Power gives one a need to control even more and more. He decided to Reprise his Capitol success on his own, no bosses to tell him what he should record. It was a kick being the boss for a while, but it gets in the way of the music and the fun times. Some cats at Warner Bros. made him an offer he couldn't refuse. You can be your own boss without the responsibilities. OK!
The true quality recordings were fewer and farther between, but the concerts were getting better and better. Suddenly, enough was enough. Time to step back and take a break. Maybe for a day, maybe forever. A couple of years off were as long as it took. The music was still within and had to come out. All the affirmation coming from the audiences didn't hurt either. The voice was heavier, wearing the years of hard living on its sleeve. That's all right, the phrasing was still there, and the wisdom grown from experience made for deeper readings of lyrics.
Time plays its own game, however, and the best was no longer yet to come. There were still the flashes of brilliance, and even on most off nights, he was still better than most, but not better than all. Still they came, perhaps expecting miracles, perhaps just happy that he was still there for them. Funny, but the last song sung publicly was not "My Way," but "The Best Is Yet to Come." He never stopped believing, at least in public.
He made no formal announcement, but we all knew that the public side was over. We were sad that he couldn't do it anymore. We were glad that he didn't continue to try. There were still the recordings and videos to provide a fix for those addicted to his art.
There was another side to his oh so public life. The fighter for the rights of black Americans long before it was the thing to do. The pugnacious swinger who loved and fought and partied right on the front pages. He just couldn't be ignored. This Jersey guy became a world figure who influenced not only music, but also lifestyles. There he was, shoulder to shoulder with presidents, but always thought of by the folks on the street as one of them.
Then there was the private side. No one could be more generous. Countless stories came to light of how he was there to help, usually with little or no fanfare. Some of those he assisted were friends, but many were just acquaintances or even strangers. They needed a helping hand, and he was moved to be the one to offer it. It was not pleasant to be on his wrong side, however, for he had a long memory for those he didn't favor. Ask especially some of those in the world of journalism who felt his wrath. This anger should have remained private, but such was his nature that he often felt the need to make it public. Truly a man of extremes!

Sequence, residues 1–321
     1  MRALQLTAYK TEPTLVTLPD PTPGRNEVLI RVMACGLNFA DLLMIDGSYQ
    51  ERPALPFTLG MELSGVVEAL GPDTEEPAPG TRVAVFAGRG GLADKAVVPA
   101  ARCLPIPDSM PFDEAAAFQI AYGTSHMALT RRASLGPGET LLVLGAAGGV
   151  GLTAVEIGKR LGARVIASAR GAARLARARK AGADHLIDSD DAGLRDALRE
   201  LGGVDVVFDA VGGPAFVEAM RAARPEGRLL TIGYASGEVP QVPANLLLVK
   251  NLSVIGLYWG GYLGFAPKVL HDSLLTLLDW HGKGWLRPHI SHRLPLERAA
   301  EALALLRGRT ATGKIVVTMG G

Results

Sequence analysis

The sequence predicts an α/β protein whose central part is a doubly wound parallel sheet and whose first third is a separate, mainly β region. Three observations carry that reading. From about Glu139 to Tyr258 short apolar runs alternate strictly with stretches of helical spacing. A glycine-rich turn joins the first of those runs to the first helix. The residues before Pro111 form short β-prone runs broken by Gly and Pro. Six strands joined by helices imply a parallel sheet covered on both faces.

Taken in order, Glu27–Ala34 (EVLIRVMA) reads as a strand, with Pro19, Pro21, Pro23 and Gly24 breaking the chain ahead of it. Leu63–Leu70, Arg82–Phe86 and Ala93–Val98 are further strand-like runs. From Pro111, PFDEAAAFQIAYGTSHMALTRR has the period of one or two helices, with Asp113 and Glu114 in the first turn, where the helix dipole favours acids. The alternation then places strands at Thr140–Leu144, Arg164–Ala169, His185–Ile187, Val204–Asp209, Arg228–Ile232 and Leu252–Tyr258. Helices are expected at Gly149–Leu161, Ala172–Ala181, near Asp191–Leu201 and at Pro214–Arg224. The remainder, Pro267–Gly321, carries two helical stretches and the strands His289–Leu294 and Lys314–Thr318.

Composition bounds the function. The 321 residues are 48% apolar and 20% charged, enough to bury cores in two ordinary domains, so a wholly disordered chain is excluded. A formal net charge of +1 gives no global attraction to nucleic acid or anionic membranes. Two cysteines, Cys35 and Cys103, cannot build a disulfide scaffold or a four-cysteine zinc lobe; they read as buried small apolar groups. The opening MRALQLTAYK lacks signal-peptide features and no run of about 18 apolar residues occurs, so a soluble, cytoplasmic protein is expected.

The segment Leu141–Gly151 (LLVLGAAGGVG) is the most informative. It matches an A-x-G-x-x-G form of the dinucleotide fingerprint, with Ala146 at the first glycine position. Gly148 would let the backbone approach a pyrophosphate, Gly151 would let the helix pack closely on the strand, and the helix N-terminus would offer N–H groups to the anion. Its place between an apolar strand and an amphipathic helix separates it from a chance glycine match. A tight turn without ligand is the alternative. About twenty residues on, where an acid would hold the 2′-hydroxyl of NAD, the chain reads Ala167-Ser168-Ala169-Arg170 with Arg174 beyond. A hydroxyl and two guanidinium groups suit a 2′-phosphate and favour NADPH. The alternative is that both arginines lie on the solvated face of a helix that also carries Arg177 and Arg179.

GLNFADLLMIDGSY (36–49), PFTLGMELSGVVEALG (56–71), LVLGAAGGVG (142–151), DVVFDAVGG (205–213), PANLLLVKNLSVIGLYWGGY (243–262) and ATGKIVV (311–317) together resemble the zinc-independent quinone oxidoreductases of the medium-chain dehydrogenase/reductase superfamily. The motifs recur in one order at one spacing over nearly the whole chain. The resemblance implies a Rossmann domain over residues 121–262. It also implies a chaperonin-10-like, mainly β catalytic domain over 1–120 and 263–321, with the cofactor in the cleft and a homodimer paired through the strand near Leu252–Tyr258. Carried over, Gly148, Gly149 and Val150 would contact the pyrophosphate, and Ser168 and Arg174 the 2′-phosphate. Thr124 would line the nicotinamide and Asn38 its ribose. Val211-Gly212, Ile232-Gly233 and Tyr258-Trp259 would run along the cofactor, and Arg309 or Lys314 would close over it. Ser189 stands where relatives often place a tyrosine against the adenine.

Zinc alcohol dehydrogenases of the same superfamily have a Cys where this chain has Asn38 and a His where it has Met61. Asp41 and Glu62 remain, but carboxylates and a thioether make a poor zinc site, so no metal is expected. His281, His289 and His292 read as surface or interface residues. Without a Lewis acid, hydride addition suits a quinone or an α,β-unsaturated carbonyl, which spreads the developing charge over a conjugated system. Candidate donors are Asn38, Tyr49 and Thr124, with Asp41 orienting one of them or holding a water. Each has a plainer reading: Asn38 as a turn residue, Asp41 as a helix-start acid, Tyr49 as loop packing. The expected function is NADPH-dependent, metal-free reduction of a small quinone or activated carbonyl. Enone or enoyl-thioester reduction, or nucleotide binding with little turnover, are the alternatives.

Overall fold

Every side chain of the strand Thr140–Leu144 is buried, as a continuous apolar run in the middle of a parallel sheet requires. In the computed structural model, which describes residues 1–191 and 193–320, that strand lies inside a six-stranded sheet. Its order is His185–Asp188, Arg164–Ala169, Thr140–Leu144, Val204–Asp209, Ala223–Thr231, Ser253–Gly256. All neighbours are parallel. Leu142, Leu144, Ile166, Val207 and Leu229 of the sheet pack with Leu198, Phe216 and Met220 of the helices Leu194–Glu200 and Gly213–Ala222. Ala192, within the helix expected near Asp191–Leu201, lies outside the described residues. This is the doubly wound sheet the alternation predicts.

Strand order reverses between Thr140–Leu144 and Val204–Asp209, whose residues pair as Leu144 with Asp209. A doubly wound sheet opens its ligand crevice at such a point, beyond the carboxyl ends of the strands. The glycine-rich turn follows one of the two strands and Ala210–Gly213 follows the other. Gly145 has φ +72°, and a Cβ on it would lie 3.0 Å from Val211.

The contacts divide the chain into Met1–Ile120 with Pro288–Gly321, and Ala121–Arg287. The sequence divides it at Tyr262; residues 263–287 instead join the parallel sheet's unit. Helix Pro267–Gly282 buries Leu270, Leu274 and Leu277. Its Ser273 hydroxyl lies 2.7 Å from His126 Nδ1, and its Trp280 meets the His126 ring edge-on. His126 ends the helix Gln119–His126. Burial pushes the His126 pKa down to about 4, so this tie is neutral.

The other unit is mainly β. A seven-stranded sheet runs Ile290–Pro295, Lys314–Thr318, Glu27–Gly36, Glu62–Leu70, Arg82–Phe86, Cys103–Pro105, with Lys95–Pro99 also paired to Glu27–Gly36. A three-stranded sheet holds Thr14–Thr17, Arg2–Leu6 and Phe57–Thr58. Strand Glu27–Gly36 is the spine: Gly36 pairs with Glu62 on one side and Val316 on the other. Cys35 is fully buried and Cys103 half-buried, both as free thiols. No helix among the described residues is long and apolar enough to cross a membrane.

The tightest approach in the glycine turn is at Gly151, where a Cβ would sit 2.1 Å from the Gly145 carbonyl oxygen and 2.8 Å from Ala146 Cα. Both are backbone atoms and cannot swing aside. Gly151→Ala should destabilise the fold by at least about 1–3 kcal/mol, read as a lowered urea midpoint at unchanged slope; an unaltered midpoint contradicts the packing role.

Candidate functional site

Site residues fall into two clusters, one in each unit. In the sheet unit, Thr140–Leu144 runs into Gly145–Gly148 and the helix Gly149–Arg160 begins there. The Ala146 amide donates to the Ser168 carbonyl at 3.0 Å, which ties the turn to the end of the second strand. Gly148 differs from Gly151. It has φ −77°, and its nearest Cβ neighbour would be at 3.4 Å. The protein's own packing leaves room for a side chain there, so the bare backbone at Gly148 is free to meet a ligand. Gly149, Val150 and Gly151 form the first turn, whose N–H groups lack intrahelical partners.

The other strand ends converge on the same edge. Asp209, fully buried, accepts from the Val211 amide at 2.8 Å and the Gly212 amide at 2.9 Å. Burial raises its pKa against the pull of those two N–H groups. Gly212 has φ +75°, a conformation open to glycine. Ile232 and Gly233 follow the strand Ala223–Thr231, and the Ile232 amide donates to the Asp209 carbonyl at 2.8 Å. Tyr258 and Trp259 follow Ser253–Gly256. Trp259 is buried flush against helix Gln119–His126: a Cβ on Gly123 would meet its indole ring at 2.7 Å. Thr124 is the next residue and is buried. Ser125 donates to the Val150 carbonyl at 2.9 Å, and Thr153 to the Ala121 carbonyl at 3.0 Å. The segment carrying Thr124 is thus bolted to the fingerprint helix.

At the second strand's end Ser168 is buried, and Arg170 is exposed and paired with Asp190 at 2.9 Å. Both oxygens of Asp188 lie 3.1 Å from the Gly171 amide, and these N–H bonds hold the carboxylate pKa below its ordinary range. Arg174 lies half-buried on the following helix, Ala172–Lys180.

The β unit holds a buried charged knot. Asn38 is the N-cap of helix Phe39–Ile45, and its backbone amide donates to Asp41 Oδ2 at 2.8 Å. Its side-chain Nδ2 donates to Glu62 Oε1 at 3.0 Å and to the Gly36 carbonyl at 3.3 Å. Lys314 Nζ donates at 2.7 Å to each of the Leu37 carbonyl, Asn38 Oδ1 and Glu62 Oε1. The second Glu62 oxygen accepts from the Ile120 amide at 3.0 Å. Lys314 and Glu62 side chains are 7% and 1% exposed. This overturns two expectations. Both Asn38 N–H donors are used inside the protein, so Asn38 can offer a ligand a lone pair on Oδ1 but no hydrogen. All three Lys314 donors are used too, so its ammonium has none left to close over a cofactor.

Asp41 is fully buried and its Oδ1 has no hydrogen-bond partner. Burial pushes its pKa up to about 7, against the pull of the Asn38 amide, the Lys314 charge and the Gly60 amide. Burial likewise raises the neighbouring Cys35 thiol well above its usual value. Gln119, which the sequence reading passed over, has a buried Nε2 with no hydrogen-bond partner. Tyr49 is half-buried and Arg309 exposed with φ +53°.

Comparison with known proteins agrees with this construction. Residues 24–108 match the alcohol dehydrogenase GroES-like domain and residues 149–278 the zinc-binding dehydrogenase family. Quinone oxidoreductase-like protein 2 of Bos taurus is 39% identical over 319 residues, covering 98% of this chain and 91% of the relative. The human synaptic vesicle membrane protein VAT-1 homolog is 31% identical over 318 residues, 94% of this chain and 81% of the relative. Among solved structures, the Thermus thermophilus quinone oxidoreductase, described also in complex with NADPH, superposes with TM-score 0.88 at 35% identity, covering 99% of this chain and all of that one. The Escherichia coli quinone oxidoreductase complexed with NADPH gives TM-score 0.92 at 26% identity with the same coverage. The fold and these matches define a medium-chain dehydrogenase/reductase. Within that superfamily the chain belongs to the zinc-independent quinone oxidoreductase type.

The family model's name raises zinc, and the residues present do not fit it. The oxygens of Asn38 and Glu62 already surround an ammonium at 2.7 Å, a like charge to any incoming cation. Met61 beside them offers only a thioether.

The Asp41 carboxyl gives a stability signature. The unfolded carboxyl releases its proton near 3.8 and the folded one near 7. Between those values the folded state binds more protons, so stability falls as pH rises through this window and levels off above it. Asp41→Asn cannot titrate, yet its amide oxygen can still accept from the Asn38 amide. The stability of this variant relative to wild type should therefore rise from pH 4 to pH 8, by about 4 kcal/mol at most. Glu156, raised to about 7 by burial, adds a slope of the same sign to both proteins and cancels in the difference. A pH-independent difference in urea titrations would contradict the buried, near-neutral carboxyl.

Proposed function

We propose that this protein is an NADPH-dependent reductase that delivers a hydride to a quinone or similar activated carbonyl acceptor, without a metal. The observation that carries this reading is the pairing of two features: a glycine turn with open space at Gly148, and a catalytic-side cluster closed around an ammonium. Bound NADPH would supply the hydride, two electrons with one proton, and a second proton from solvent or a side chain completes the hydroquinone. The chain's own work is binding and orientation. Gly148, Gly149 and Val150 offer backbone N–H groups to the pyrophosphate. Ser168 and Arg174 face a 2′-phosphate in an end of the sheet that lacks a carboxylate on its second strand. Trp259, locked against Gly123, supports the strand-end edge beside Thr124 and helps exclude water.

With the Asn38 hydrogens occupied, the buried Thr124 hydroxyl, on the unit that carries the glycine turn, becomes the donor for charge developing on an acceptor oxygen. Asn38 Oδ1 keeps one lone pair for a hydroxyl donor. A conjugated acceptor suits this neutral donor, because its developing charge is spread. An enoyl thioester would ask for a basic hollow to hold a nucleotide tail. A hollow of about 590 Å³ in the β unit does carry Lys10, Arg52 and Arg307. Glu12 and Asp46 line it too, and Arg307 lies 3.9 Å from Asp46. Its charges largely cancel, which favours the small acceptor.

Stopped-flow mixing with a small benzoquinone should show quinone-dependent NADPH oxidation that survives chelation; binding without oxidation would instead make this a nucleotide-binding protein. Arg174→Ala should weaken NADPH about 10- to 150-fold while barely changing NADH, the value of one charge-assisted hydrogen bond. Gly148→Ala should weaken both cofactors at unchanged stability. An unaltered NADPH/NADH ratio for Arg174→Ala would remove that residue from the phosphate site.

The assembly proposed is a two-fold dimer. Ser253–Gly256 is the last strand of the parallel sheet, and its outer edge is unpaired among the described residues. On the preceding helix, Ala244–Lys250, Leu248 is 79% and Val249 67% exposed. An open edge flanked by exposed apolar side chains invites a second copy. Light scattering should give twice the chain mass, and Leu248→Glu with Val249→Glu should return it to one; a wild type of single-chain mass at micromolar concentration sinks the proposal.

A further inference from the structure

I have always loved music, but must admit to having come to Sinatra later than I wished that I had. I was naive about his genius for too long a time, but when I saw the light, the passion became intense. The first album I bought was Come Fly With Me, then Only the Lonely and then and then and then... Books also, more than I can remember or probably find.
The in-person thing didn't happen for me until the mid-80's at the arena in the Meadowlands. Buddy Rich opened. Nice, but we weren't really there for that. When it was time for Frank, an electricity burst through the crowd like nothing I had ever experienced. The love and devotion of the Sinatraphiles jumped out of every pore of their essence, and you could not help but become part of this very special feeling.
Several times after this I saw the same thing happen, and reveled in being a part of it. The moment I remember most vividly is an unbelievably powerful reading of "Soliloquy" at the Garden States Arts Center. Here was a man who was really too old to sing this young father's song, but he made you believe that he was once again in his twenties and waiting for his first child. Underneath it, however, he brought a depth of wisdom that could only have come from a man who had already experienced all of life. I was moved then, and I am moved now with the remembrance.
The last time I saw him, I recall less fondly. Again it was at the Garden State Arts Center. He was only a dim ghost of what I had come to expect. The words were sometimes forgotten, the voice just could not reach the right notes, and some of his comments you would rather not have heard. I can remember what served as an exclamation point for my disappointment that evening. As I left, I overheard a young man say to his date "Well, I'm glad that I saw him, but he's no Harry Connick." I could have cried, but quickly realized that it had become time to listen to the recordings and remember the good times.
When I heard the news of Frank's passing, I felt a mixture of sadness and relief, a reaction which I am sure was shared by countless others. He was no longer a living part of our world, but his difficult last years were finally over. We still have the music and the memories, and that should be plenty enough to carry us through the grief.
He sang of doing it his way. His behavior did not always please everyone. His music, however, has crossed more generational lines than any other performer. There are still teenagers today who respond to his music. Some may have "jewelry" stuck into parts of their body that I cannot believe were meant for such things, and buy albums that I find it difficult to believe even exist, but I am never shocked when they hear Sinatra playing and are visibly moved by what they are hearing. Words of admiration often follow. From the 1930's into the 1990's, his star stayed brighter than any other. There were a lot of pretenders along the way, but there was only one Sinatra, and we are glad that there was. We'll never stop listening, Frank.”